Archived Story

Sheriff says evidence room is secure, reliable

Published 7:09am Tuesday, November 10, 2009

The integrity of the Austin Law Enforcement Center’s evidence room was called into question during the Curt Rude trial last week, but the county sheriff said Monday that she thinks the room is secure and reliable.

And a big reason why is a new, electronically scanned key card installed earlier this year as a reaction to the Rude incident, sheriff Terese Amazi said.

“He called into question every piece of evidence in that room,” Amazi said of what happened Nov. 6, 2007.

On that date, Rude, then captain of the Austin Police Department, entered the room and took two prescription pill bottles belonging to Mark Johnson. Johnson, a close friend of Rude’s and a former KAAL-TV reporter, died of a drug overdose earlier in 2007.

Rude was found guilty of felony drug possession and gross misdemeanor interfering with property in official custody on Thursday by an Olmsted County jury.

The felony charge, however, may be dropped at sentencing, Judge Kevin Lund said after the verdict.

Amazi said Rude’s actions were “absolutely” irresponsible and that moving evidence can jeopardize court proceedings.

“I think victims deserve better,” she added.

Though the new scan-card system was installed after the Rude incident, Amazi said it had been discussed for years.

It electronically tracks people coming and going from the back evidence room where Rude took the pills two years ago, she said.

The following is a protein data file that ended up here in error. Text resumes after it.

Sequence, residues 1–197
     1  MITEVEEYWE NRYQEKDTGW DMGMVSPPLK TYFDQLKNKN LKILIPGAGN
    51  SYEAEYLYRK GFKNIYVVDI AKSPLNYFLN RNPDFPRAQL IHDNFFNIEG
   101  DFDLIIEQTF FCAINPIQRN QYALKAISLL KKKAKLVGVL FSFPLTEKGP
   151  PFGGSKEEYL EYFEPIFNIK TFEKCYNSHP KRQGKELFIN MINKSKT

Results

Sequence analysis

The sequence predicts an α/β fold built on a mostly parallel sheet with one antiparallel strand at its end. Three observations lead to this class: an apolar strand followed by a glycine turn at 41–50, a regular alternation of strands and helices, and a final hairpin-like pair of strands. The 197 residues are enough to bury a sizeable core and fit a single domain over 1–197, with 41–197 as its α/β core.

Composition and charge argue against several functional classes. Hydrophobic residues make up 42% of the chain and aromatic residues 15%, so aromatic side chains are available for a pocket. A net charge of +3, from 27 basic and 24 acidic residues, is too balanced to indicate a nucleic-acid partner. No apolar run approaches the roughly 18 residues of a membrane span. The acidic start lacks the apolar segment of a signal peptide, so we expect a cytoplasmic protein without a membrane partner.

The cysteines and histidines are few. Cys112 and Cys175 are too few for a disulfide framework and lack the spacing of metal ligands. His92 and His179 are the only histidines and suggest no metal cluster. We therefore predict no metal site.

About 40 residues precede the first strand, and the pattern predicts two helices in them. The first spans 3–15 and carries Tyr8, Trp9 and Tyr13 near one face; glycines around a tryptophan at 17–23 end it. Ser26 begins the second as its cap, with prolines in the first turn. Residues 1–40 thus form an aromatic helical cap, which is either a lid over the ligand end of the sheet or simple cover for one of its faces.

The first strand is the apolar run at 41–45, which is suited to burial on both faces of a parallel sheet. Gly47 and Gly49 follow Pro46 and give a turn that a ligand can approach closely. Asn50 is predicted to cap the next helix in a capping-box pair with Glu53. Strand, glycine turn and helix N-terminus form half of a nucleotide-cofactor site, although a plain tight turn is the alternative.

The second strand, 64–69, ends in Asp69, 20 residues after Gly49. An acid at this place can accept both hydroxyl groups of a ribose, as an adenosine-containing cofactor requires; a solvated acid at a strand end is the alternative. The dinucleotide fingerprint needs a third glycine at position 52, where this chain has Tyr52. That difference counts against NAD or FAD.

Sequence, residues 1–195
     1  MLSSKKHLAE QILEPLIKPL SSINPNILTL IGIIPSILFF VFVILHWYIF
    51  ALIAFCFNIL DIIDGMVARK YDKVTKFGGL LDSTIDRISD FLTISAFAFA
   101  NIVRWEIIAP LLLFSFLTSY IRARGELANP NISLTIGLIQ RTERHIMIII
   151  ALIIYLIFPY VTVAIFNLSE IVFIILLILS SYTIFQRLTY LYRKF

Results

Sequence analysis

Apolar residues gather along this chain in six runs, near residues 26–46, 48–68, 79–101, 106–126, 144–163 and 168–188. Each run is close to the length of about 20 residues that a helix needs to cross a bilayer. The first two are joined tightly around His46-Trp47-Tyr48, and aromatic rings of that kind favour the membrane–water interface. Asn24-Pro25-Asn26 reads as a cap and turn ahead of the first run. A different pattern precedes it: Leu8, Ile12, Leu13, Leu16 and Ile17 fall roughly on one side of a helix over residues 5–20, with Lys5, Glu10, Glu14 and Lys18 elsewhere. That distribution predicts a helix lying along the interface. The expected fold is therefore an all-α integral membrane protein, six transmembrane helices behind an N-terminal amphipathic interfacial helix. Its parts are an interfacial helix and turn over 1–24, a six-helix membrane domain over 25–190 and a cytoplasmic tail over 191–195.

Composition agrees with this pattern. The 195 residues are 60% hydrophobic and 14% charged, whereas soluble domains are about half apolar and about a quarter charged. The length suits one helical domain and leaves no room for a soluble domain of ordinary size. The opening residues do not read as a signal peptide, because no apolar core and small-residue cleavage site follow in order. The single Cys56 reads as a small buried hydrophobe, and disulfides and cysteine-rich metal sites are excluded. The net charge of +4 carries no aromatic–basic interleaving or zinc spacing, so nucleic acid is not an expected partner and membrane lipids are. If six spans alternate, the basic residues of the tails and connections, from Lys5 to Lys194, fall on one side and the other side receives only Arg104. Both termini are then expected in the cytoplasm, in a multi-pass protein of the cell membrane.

“You should know who’s going in there,” Amazi said. “(The scanner) is sort of a double check.”

Before implementing the new system, the sheriff said a standard key granted access to the back evidence room.

That room is where evidence is stored long-term and where certain items are put into “destruction” barrels because the associated court cases are closed. This was the case with the painkiller OxyContin that Rude took.

While every officer at the LEC has access to an initial evidence room for tagging new items, Amazi said to her knowledge, only four people have access to the back room.

This includes herself and police chief Paul Philipp, and did include Rude before he was put on unpaid leave in November 2007.

Amazi said she wasn’t aware of any substantial changes on the horizon to policies and procedures relating to the back room, though she did say some reorganization and housekeeping is going on currently.

The system that is in place now works, the sheriff said, but only if the people who access the back evidence room make it work by checking out anything that is removed.

“You need to trust the people (who go in there),” Amazi said. “That’s where the issues lie.”

Philipp said in an e-mail that he was not commenting publicly on the evidence room at this time.

The chief added that he had no updates on Rude’s status with the department.


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